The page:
Have we set our sights too high for higher education in Oregon?
That's a question that arose in response to my recent column on the Legislature's three big ideas for higher education (July 9) and one that continues to stir doubts about the feasibility of achieving the state's goals for college completion. Suspicions persist that we may be setting up many young adults for failure by proclaiming high educational expectations that are more aspirational than practical.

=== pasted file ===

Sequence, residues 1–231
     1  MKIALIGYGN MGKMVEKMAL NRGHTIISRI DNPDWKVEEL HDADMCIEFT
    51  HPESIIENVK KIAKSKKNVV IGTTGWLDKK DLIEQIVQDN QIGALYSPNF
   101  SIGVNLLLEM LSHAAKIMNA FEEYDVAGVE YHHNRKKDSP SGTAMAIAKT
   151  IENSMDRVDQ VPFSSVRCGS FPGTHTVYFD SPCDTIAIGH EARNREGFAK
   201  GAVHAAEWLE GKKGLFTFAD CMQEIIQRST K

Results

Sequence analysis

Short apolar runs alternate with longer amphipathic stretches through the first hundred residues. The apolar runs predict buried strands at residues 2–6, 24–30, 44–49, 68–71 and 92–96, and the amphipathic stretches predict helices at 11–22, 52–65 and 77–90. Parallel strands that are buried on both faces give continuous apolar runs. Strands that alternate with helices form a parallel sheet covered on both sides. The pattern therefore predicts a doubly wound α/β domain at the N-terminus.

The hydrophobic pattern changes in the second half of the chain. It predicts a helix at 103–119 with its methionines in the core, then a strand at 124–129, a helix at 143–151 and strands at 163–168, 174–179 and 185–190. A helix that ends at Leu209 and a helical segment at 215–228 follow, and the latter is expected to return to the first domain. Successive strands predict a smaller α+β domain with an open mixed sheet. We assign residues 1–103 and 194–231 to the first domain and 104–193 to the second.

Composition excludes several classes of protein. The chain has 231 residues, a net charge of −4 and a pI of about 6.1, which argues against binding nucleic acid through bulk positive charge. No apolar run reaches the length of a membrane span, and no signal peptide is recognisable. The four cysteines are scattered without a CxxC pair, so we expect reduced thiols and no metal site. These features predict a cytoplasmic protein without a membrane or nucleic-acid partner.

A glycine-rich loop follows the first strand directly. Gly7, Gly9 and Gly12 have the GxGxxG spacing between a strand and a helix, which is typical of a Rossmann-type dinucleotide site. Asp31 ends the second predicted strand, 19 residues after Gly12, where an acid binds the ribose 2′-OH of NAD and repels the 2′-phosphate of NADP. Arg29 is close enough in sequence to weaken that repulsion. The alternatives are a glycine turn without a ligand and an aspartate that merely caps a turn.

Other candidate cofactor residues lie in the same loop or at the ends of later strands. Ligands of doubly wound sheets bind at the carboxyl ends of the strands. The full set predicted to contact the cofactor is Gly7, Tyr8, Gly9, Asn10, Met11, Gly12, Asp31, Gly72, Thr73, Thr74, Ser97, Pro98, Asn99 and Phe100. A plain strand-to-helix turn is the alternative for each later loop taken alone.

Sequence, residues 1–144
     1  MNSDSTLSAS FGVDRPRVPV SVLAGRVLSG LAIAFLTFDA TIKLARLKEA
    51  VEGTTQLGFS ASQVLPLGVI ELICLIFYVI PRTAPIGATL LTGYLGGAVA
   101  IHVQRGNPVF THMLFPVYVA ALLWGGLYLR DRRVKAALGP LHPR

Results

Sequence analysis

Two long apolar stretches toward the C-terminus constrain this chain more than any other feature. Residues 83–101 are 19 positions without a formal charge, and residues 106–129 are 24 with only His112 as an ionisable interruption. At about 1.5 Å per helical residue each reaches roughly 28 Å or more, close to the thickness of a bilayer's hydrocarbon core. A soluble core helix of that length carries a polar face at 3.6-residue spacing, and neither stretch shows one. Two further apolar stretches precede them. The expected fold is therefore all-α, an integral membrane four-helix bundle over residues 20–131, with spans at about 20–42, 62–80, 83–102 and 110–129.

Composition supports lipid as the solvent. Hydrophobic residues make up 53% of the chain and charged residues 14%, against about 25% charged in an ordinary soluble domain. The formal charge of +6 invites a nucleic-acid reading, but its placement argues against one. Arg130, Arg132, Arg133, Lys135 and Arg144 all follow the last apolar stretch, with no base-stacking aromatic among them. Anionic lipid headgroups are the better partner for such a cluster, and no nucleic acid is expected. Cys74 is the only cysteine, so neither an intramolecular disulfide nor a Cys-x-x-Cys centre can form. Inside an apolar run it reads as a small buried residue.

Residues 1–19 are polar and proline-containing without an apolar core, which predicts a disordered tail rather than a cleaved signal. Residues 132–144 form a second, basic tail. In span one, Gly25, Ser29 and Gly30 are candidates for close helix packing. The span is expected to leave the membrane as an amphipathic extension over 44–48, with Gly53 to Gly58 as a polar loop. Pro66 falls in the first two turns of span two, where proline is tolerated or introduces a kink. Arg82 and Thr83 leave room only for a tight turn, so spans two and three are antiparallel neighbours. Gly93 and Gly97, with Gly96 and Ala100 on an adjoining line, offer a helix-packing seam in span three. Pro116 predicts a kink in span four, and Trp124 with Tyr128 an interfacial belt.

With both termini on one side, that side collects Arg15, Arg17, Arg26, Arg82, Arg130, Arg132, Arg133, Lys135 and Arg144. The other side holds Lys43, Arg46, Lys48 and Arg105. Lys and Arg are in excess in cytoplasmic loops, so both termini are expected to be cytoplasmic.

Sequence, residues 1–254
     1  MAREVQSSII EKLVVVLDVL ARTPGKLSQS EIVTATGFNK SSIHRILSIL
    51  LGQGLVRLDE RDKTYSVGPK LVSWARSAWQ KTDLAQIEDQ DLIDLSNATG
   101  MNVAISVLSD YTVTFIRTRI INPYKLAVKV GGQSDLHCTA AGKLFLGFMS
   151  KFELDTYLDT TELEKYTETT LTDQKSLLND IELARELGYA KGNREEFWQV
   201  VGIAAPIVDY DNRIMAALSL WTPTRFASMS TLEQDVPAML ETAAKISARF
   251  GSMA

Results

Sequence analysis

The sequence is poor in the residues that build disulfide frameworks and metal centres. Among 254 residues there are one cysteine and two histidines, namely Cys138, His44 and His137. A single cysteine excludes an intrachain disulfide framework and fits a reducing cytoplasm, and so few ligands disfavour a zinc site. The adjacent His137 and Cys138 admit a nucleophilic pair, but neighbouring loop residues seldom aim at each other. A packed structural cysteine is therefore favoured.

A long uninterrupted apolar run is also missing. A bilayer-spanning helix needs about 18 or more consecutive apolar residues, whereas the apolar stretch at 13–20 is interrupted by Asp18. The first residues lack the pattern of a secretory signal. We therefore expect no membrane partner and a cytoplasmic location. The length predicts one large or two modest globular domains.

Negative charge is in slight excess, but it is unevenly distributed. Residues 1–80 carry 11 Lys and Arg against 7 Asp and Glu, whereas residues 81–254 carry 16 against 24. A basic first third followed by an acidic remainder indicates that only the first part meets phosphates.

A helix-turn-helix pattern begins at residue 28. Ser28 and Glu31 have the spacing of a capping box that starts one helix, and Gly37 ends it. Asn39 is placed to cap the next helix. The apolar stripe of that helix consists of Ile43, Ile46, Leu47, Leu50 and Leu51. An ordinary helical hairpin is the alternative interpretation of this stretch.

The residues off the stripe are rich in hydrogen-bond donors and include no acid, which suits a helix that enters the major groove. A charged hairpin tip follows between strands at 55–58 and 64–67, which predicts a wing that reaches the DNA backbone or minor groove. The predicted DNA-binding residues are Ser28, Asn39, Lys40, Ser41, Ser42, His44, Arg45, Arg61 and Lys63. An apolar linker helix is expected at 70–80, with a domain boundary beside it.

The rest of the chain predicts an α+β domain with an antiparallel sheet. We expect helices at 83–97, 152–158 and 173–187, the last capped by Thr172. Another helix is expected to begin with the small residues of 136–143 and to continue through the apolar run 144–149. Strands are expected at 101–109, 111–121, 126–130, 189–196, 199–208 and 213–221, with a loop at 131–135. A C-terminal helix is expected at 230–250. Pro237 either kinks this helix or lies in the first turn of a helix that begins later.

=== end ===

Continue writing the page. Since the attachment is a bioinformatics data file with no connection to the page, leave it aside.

I can't argue with the assertion that "college is not for everyone," even when that statement is delivered, a little too glibly and piously, by individuals who themselves have college degrees. But almost everyone who has kids or grandkids sees the potential of young learners and senses the harm that can be done by applying a "this-is-not-for-you" verdict prematurely or unfairly in their lives.
National polling tells us that 72 percent of Americans rate as very important the attainment of a certificate or degree beyond high school. Perhaps coincidentally, their views come close to aligning with Oregon's goal of having 40 percent of our adults with four-year college degrees and another 40 percent with two-year college degrees and certificates by 2025.